Graduate or professional work is NOT summarized by LSAC but LSAC does list these transcript on the law school report and send copies of them to law school.
POLICIES RELATED TO TRANSCRIPTS SUMMARIZATION gives information which might be relevant; for example, which grades are excuded from grade conversion; how grades in a repeated course are counted. In this just-mentioned website, click on the fifth line, "Grades are converted to a standard 4.0 system." According to LSAC, their Grade Conversion Table converts grades to a standard 4.0 system (actually a Standard 4.33 system) in order to furnish law schools with a uniform basis for comparing applicants." Unfortunately this is not true: LSAC allows a 4.33 for a grade of A+ whereas "a standard 4.0 system" does not allow an A+ let alone a 4.33. Allowing some applicant a chance for an A+ while others havie no chance, does NOT "furnish law schools with a uniform basis for comparing applicants." All grades of A+ should be downsized to the graade of A.
At most colleges and universities, one drops a course and one withdraws from all courses although one will oftentimes hear about about someone withdrawing from a course and about someone dropping all their courses.
In calculating your GPA, the grades of Withdraw and Incomplete are ignored assuming that the issuing school considers these grades nonpunitive. The grade of Withdraw is almost never considered punitive; the grade of Incomplete is punitive at some schools (e.g. it may change to the grade of F after one year). For more details (e.g. information about WF), see TRANSCRIPT SUMMARIZATION especially the subsection "Grades Excluded from Conversion."
You got to know when to hold 'em, know when to fold 'em, Know when to walk away and know when to run. The Gambler The Gambler was a top 100 hit (debut date: November 4, 1978) by Kenny Rogers. It was in the top 100 for 22 weeks, maxing out at 16.
Every semester, mark on your calendar each of the drop dates; usually these drop dates are: The last day to drop without receiving a grade of 'W' and The last day to drop without receiving a grade of 'F.' Before each drop date, for each course that you are enrolled in, be realistic about your prospects; if you think you will greatly improve in a course, ask yourself why this is a reasonable expectation. Note that expecting to make the greatest comeback since Lazarus is usually not being realistic. If, with great effort, you may earn a grade of C, you may be better off taking a grade of 'W.' If you lack the time to do well in all your courses, it might be time to pull the plug on one of your courses.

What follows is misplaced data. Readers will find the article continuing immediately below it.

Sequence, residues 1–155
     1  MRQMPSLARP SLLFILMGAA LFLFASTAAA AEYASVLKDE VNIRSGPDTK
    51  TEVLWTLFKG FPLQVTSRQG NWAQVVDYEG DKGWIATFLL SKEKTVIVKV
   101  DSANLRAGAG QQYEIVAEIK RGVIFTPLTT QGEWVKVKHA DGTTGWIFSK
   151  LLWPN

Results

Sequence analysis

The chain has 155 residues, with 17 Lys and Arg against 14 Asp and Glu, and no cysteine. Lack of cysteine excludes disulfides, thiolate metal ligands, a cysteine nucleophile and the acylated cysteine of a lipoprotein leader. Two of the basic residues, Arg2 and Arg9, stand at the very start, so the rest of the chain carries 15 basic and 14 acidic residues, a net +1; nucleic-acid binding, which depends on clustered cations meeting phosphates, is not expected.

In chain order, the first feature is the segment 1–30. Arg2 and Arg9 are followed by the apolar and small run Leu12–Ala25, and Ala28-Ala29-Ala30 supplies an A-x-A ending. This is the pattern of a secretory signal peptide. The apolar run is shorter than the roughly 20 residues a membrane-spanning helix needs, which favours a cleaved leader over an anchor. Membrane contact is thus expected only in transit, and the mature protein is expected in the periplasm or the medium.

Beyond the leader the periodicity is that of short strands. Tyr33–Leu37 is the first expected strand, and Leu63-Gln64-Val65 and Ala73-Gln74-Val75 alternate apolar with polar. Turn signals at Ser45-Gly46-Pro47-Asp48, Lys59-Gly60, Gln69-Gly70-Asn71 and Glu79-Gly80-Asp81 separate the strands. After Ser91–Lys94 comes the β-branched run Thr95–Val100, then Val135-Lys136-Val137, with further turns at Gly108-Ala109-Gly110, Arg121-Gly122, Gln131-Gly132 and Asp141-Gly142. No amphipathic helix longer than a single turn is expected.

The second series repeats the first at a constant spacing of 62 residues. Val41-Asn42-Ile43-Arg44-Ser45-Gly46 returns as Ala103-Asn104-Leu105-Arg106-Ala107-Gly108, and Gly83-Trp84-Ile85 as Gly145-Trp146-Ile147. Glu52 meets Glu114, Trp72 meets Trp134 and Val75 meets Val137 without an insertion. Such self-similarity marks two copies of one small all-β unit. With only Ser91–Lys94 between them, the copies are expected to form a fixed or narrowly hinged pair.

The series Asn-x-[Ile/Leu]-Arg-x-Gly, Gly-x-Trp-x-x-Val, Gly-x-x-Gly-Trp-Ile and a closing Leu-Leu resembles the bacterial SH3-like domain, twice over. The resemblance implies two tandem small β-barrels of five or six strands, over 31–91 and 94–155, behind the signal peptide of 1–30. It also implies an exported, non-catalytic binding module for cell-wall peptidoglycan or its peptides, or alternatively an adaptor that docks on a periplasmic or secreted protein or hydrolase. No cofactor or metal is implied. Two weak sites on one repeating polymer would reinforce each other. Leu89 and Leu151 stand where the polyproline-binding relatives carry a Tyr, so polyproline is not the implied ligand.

New York University PreLaw Handbooks talks about withdrawals and says that "You should avoid withdrawing from courses whenever possible. This does not mean that you should never withdraw from a course, but a series of withdrawals over several semesters carries strong negative implications, from an attempt to manipulate the grade point average, to an inability to finish what you have started. Since most law schools have a prescribed first year curriculum, admissions committees look warily upon undergraduate students who fail to complete a term's expected course load."
The University of California at Berkeley Career Center say the following about taking courses Pass/Fail, "Although you may take some courses Pass/Fail, you should realize that the Law School Data Assembly Service counts a 'Fail' as an 'F' and calculates it into your GPA as a zero. The 'Pass' is given no value and is not factored into the GPA. Therefore, if you are considering applying to law school, be selective when using the Pass/Fail grading option.
Unless you have run out of courses that you can expesct to do well in, think twice before signing up for a Pass/Fail.
Whenever possible, choose courses that engage your interests and take them for letter grades."
New York University PreLaw Handbook say the following about the Pass/Fail Option: "Most admissions committees have what are best described as mixed emotions about the pass/fail option. Although committees sympathize with the notion that pass/fail grading may give a student the opportunity to take a course that he or she otherwise would not, committees also feel that the more of such marks on a transcript, the less information they have on which to base their judgment on your qualifications as an applicant. ... One of the consequences of a permanent record ladened with pass/fail credits is that increasingly greater weight is placed on your LSAT score. As a general rule, you should not take more than one academic course per year on a pass/fail basis."
You may want law schools to receive your fall semester grades, especially if they reflect continued academic excellence, an upward trend in your academic performance, or a meritorious effort on your part. In such cases, as soon as you know your fall semester grades, write a brief note to your prospective law schools indicating your fall semester grades and indicating that your college, acting on your instructions, will be sending your new official transcript to this prospective law school and to LSDAS [follow through by making sure that these two transcripts are sent]. LSDAS will submit an updated report to your prospective law schools that have indicated they will accept such updates.